Coming in to what was quite a filled room, Apologies, I Have None unfortunately started off a little rocky. Opening on The 26 the band seemed a little caught off guard by the crowd that lay before them but soon enough started to find their rhythm. Moving through their set at a brisk pace the band found themselves getting more comfortable not only with the crowd but also the stage, as they took advantage of the space in the way they held themselves whilst up there. After flying through tracks such as Sat In Vicky Park, Love and Medication and Wraith Apologies, I Have None truly showed why they have nothing to apologize for, when they dropped Everybody Wants To Talk About Mental Health, which was the main highlight of their set. Not only due to their instrumentation but also the vocal performance. Rounding off their set, which felt very Alt. Rock with this strange blend of Gnarwolves and The Front Bottoms, the band played A Pharmacy in Paris. Overall Apologies, I Have None played in a way which will have gained them many new fans as they sang about different issues with a sound that is very original, not only in terms of their instrumentation but also Josh McKenzie’s flawless vocals, and after quickly finding their feet they are a band who are worth watching time and again. [7.5/10]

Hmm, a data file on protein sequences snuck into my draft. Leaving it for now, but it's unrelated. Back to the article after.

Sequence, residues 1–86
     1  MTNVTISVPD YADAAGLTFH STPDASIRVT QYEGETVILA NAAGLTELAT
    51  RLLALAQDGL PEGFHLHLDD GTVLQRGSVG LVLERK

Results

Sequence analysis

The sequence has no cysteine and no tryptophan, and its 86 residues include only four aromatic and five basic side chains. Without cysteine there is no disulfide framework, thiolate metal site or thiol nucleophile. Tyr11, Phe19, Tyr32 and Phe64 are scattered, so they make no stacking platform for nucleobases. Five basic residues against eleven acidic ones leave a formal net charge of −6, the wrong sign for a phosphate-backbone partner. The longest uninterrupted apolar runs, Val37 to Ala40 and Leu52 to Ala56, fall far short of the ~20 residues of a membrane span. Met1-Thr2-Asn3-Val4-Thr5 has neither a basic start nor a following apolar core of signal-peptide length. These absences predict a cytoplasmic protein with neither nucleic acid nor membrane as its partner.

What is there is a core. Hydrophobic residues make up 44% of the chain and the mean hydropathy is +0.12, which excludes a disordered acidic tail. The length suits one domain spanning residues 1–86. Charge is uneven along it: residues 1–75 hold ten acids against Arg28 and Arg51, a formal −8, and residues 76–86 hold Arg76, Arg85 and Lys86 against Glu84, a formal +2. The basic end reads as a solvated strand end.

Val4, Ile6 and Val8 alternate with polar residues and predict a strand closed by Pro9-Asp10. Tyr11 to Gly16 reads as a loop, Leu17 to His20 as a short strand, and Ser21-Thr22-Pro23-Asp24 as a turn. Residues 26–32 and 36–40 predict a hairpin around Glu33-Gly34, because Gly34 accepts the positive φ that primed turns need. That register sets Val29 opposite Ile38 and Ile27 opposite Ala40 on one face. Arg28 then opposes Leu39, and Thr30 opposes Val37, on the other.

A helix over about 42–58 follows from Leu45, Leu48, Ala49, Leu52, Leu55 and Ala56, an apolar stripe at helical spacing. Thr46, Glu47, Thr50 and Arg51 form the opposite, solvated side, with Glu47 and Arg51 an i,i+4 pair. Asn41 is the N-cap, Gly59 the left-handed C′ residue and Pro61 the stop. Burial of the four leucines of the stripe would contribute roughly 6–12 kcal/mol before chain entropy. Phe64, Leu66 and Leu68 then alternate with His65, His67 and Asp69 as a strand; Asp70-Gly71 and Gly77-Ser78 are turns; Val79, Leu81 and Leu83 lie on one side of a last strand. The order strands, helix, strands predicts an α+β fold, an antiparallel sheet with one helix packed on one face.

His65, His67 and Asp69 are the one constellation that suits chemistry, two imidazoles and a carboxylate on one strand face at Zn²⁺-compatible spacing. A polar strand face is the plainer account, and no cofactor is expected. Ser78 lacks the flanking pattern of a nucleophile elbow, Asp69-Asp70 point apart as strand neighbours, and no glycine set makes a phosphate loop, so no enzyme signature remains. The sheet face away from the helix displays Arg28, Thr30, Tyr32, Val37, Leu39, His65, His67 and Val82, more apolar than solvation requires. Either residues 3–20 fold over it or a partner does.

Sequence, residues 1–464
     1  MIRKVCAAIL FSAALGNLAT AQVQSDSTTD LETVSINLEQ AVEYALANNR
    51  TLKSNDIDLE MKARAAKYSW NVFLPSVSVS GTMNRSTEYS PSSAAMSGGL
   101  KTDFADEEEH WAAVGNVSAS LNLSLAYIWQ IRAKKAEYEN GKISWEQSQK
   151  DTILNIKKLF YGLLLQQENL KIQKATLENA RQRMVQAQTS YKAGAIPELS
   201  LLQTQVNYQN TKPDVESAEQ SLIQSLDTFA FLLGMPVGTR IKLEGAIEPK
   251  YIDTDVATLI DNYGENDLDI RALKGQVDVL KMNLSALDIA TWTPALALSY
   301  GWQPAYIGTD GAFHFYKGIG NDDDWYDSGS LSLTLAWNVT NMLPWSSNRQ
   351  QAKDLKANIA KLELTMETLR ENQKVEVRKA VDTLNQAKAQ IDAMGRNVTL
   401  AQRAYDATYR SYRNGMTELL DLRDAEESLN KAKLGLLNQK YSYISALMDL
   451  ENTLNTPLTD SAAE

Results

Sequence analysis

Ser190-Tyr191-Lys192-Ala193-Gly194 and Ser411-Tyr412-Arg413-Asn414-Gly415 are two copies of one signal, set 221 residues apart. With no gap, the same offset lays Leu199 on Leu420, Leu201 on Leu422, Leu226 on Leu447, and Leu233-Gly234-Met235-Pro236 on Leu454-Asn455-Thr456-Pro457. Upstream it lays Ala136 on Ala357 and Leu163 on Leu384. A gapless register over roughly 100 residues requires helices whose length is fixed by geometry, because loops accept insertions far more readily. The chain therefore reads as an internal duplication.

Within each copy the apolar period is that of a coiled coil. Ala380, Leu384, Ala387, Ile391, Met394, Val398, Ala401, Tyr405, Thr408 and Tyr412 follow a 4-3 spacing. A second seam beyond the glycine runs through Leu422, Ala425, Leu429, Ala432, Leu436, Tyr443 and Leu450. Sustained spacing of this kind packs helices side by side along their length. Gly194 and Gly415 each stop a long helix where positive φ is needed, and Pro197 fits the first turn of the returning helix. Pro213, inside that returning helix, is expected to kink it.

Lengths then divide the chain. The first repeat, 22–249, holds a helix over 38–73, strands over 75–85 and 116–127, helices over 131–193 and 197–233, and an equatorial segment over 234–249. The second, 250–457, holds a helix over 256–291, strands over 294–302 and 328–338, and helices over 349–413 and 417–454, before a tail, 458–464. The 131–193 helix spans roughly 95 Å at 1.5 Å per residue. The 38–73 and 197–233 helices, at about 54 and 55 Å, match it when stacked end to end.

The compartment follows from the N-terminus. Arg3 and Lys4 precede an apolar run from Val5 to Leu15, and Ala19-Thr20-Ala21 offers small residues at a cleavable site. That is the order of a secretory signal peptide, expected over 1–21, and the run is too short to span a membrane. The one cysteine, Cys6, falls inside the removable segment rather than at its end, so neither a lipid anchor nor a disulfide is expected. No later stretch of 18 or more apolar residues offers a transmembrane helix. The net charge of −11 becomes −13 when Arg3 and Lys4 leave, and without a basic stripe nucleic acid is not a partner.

After the gap, and with a simple ‘alright’ the band that was to follow needed no other introduction as they quickly dove into Boneyard, ripe with angst and passion; the room quickly lit up as Gnarwolves plowed through Smoking Kills after a brief hello. One thing was clear as Gnarwolves started their set, they wanted to be heard and they wanted to make an impact, which they did. After Everything You Think You Know, the band, and audience alike, took a breather as the band spoke about them being ‘quiet’ since March, but as always Gnarwolves showed no sign of a quiet ‘summer holiday’ as their energy spoke volumes.